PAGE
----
Seismic Waves and The Tsunami Piano

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In 2011, the Great East Japan Earthquake and subsequent tsunami devastated large areas of the country’s eastern seaboard. In the north-eastern region of Tohoku, amongst the wreckage of the Miyagi Agricultural High School’s gymnasium, a beaten-up Yamaha piano was discovered. The instrument, now known as The Tsunami Piano, had been engulfed by flood water, it was badly damaged, but it was still basically in one piece.

The Tsunami Piano

The Tsunami Piano in situ—note the water damaged backdrop

Famed musician Ryuichi Sakamoto heard about this piano whilst touring the area. He discovered that the piano still played, albeit in a rather unconventional manner, and set about resurrecting it. Repairs, carefully undertaken by Yamaha Piano Services, were kept to a minimum in order to preserve the piano’s distressed timbre and tuning.

Seismic Waves

Sakamoto and his team of engineers subsequently developed a custom, computer controlled, “piano player” attachment for the Tsunami Piano. This, in essence, consists of a frame of automated fingers, one for each key of the piano, individually triggered from a computer. The frame sits just above the piano’s keyboard, with the fingers on the keys.

Seismological data, mapping all the world’s earthquakes for the past 32 days, is streamed to the computer. This information is compressed into a time frame of one day, and processed into note data. Each region of the globe is mapped onto the piano keys. The duration of each earthquake determines the time that note is held, and the earthquake’s magnitude sets the note’s volume.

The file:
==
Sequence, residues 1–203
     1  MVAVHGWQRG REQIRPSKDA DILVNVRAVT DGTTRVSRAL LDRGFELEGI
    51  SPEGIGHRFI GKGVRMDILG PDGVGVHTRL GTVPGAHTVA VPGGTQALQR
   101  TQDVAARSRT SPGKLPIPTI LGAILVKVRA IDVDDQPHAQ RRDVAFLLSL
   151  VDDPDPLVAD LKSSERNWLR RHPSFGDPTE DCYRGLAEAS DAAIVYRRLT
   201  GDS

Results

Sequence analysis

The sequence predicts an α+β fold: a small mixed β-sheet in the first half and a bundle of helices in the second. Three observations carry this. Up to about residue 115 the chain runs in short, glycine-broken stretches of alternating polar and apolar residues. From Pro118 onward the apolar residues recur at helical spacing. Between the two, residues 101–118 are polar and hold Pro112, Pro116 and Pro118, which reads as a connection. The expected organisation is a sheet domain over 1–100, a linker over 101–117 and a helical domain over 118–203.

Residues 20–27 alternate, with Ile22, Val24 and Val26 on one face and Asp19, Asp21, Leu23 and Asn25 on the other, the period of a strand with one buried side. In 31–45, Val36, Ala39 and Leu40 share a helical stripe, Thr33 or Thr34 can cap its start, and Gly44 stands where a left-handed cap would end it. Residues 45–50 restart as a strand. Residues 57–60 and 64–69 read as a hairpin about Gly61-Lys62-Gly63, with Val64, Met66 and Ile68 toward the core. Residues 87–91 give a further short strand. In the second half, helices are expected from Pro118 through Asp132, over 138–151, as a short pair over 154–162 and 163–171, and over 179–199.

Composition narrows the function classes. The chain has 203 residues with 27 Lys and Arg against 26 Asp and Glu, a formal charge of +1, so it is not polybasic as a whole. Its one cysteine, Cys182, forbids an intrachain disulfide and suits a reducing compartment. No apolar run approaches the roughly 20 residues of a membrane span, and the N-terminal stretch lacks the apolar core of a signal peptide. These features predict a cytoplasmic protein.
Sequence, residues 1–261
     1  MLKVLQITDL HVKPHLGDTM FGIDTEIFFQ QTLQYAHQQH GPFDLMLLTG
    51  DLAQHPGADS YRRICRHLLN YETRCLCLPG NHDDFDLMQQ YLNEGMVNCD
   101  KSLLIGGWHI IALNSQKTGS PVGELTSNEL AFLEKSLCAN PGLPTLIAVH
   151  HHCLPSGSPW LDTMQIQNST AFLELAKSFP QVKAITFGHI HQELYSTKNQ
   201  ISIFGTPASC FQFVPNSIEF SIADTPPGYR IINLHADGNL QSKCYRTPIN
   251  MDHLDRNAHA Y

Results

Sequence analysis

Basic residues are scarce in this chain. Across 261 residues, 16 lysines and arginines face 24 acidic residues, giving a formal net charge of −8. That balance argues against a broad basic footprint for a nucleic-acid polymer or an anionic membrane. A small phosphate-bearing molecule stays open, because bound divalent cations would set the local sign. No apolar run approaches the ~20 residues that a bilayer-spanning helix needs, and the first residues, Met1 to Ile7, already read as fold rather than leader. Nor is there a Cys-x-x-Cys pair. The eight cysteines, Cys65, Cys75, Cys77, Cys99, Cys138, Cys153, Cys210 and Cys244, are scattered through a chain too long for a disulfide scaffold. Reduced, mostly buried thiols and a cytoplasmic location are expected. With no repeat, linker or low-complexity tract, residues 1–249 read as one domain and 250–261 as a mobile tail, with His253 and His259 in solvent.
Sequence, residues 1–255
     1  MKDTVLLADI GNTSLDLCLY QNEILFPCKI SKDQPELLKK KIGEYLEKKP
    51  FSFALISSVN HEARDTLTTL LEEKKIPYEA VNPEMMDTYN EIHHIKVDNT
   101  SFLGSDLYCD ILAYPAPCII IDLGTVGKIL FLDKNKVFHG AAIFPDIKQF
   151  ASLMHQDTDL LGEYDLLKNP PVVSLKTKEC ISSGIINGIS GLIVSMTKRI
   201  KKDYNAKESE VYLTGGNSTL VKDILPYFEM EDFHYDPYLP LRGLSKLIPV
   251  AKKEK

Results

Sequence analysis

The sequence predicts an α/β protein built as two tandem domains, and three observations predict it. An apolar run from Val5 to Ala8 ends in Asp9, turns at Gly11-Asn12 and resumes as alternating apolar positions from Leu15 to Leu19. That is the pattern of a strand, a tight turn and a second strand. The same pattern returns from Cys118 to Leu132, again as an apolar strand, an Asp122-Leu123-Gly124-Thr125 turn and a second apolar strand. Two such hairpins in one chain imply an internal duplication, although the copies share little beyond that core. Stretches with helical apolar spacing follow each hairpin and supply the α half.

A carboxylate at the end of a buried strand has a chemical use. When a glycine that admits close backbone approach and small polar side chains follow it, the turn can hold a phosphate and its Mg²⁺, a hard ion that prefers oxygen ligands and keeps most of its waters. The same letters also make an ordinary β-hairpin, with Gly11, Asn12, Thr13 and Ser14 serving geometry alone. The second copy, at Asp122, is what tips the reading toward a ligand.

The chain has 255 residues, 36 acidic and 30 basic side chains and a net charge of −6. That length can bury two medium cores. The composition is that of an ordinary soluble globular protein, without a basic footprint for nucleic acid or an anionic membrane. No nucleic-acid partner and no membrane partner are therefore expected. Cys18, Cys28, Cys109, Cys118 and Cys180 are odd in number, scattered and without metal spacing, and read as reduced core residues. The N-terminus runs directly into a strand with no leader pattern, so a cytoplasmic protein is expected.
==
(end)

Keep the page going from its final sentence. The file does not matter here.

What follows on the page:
IS YOUR TIME installation. Photo: Ryuichi Maruo. Courtesy: NTT InterCommunication Center [ICC]

The Tsunami Piano can now be considered unique—it turns seismic waves into music. Sakamoto states, “the piano has been tuned not by the artistic ideals of humanity, but by the ecosystem of nature and the earth”

 

The Tsunami Piano Centre Stage

The Tsunami Piano features on Sakamoto’s 2017 album “async”, and in the NHK World documentary film “Tsunami Piano: Ryuichi Sakamoto’s Tohoku Discovery”. It recently took centre stage in Ryuichi Sakamoto and Shiro Takatani’s installation IS YOUR TIME (see video). This was held at Tokyo’s NTT InterCommunication Centre.

Sakamoto hopes that this piano can serve as a constant reminder of the effect the tsunami had on humanity, and on the frailty of the human existence when confronted with such powerful forces of nature.

See also: The Hiroshima Piano


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